Can we use automation to 3-D print a city on mars?

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Offline Expectant_Philosopher

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The theory on travel to Mars is to send modules and supplies to Mars in advance of humans to use by travelers to survive on once the travelers arrive.  The theory is that all the materials they need must be shipped to Mars.  Can we change that theory to use processes as Arthur C. Clarke's "Rendezvous with Rama" espoused, that of automatic build processes that create what inhabitants need to survive?  Using current technologies we can actually 3-D print structures and devices.  On Mars we could build cites using remote automation.  We can send the automation to Mars to construct structures, to build power generation stations, to manufacture functional devices.  Then once the automation notifies completion, our voyagers can venture out and arrive at fully operational sites, increasing their chance for success - for survival.


Offline CliffordK

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Re: Can we use automation to 3-D print a city on mars?
« Reply #1 on: 09/02/2013 08:16:29 »
I think a lot could, and should be manufactured on Mars, or any planet or moon that is to be colonized. 

Undoubtedly there would be a benefit of building things like a greenhouse before actually arriving on Mars. 

Like Earth, much of the Martian crust consists of metal-oxides.  Extracting metals such as Iron and Aluminum would have the secondary benefit of releasing oxygen. 

I'm not sure you would wish to "print" a large structure.  But, one could imagine robot constructed buildings. 

I believe that much of the small 3-D printing that is currently being used is with plastics.  Unfortunately, carbon, which would be the primary ingredient for plastics may not be as abundant as other minerals, although there is some evidence for dry ice in places, as well as water ice.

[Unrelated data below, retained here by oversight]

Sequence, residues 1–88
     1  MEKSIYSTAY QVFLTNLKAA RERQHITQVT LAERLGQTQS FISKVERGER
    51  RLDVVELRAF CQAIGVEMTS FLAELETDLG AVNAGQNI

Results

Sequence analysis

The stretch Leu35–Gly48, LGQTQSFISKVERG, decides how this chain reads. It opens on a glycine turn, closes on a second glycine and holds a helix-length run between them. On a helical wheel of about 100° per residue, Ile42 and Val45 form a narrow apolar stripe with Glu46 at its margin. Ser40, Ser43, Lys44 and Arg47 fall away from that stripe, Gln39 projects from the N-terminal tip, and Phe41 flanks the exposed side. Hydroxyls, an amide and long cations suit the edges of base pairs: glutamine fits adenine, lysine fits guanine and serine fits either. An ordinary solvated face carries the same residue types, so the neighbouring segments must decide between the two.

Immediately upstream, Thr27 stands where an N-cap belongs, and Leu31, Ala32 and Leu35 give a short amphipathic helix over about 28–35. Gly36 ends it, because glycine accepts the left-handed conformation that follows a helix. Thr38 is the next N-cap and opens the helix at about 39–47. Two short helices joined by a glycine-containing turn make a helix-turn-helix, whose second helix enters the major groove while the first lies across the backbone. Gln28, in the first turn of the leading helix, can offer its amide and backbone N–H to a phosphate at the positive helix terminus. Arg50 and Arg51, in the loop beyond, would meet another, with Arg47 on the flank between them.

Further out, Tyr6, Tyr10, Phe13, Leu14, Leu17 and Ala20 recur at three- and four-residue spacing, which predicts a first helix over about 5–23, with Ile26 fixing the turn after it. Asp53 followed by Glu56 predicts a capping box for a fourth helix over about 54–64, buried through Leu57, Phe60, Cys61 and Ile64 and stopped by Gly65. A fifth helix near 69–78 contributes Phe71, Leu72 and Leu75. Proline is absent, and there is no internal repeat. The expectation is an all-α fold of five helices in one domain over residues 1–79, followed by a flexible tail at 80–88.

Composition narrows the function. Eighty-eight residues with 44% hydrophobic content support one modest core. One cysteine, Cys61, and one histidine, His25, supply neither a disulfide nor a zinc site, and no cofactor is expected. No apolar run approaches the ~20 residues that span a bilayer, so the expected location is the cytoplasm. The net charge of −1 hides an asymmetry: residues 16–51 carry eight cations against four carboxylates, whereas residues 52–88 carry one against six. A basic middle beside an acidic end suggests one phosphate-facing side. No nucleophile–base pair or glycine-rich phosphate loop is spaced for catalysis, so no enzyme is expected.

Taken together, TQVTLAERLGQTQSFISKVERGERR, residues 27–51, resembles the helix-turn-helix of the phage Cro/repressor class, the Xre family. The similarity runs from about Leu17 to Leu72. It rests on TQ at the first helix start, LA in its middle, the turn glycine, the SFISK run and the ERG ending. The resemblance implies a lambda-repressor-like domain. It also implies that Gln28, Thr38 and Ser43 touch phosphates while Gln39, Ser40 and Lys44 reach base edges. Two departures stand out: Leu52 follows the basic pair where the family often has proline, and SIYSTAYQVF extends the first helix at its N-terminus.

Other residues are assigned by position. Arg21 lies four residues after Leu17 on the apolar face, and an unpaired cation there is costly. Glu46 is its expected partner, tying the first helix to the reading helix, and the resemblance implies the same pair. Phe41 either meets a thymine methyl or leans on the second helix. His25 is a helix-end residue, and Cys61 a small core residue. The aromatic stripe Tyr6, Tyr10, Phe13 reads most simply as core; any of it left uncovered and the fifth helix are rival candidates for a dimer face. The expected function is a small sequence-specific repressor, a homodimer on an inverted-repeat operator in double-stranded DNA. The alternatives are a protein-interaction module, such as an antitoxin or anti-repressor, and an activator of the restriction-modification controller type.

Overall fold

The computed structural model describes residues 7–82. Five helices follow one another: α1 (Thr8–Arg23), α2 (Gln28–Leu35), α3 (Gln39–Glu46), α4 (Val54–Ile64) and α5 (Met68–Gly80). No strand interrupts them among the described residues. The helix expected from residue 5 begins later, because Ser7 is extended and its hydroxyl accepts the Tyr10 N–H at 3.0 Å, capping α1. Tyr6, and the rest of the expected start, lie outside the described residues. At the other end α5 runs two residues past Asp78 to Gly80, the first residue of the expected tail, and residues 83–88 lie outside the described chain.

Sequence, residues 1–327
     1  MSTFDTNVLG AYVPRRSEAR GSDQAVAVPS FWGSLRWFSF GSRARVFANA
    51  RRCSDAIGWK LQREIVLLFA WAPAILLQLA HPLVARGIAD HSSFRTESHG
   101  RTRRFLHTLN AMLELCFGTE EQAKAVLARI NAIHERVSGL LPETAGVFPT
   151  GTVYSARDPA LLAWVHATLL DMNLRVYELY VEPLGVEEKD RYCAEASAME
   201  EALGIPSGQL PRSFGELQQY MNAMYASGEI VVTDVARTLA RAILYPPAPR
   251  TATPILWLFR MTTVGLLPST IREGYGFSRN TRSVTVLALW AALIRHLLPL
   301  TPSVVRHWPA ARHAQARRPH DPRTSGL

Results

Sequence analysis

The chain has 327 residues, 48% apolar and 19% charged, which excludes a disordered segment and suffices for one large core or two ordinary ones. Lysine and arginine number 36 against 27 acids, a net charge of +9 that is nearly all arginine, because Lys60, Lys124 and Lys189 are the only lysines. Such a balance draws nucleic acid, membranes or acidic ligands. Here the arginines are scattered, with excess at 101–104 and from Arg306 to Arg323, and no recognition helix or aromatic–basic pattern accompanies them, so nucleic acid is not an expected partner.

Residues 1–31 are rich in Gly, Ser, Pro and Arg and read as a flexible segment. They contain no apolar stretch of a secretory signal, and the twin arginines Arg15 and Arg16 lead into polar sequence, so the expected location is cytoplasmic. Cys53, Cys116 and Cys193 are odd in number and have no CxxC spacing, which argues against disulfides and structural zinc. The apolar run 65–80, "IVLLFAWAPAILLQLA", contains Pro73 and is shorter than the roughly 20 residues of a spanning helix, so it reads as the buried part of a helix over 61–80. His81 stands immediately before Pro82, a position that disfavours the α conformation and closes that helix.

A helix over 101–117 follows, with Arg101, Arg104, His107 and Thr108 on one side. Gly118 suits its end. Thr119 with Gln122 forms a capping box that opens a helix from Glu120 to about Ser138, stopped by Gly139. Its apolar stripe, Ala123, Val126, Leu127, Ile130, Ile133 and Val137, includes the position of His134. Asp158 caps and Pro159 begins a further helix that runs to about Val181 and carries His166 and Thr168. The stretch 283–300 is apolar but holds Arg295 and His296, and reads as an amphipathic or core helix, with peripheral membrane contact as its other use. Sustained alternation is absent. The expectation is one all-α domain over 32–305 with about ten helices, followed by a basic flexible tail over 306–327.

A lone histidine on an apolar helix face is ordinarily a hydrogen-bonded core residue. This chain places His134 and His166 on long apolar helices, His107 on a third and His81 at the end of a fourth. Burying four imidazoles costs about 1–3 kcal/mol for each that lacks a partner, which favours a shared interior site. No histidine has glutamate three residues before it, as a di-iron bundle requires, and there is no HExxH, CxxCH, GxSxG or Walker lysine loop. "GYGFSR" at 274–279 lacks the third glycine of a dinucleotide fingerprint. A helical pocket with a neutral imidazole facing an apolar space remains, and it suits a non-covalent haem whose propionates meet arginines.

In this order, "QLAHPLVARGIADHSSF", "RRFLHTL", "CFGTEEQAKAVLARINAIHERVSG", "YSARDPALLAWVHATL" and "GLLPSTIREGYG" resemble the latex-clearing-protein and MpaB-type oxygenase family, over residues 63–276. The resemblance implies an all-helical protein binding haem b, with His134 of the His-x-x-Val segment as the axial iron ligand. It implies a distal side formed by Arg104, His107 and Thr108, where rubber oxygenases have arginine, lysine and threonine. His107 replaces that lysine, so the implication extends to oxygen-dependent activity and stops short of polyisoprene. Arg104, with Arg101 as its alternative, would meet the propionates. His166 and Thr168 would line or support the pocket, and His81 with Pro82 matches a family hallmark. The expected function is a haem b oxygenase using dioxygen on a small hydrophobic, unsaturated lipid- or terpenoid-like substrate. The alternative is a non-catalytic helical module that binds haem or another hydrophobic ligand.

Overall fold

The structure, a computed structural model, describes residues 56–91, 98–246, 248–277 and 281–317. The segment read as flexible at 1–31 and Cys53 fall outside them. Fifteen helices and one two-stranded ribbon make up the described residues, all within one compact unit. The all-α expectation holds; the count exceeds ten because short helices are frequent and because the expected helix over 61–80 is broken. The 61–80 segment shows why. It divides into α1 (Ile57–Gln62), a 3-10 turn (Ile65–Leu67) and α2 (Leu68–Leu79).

Any habitable structures would have to be engineered for an extreme environment, with high pressure inside, low pressure outside.  Leak-proof.  And, able to endure a warm interior, and brutal cold exterior, along with extreme daily temperature changes.  If one is using solar energy, then one would need to heat the structure, and maintain the heat using a minimum energy input, and be able to endure dust storms for up to several months.

While some construction techniques may be effective with a deposition technique, for example the use of spray foam, other  construction techniques may not.  For example the use of rebar and wire mesh likely would be prefabricated and inserted into the structure. 

The question is how much it will take to send the tools to do basic smelting and concrete work to Mars.  Or the basic tools that one can use to build progressive larger and more complex systems with. 

Keep in mind that any remote control must deal with a bidirectional (4 to 20 light minute) transmission delay.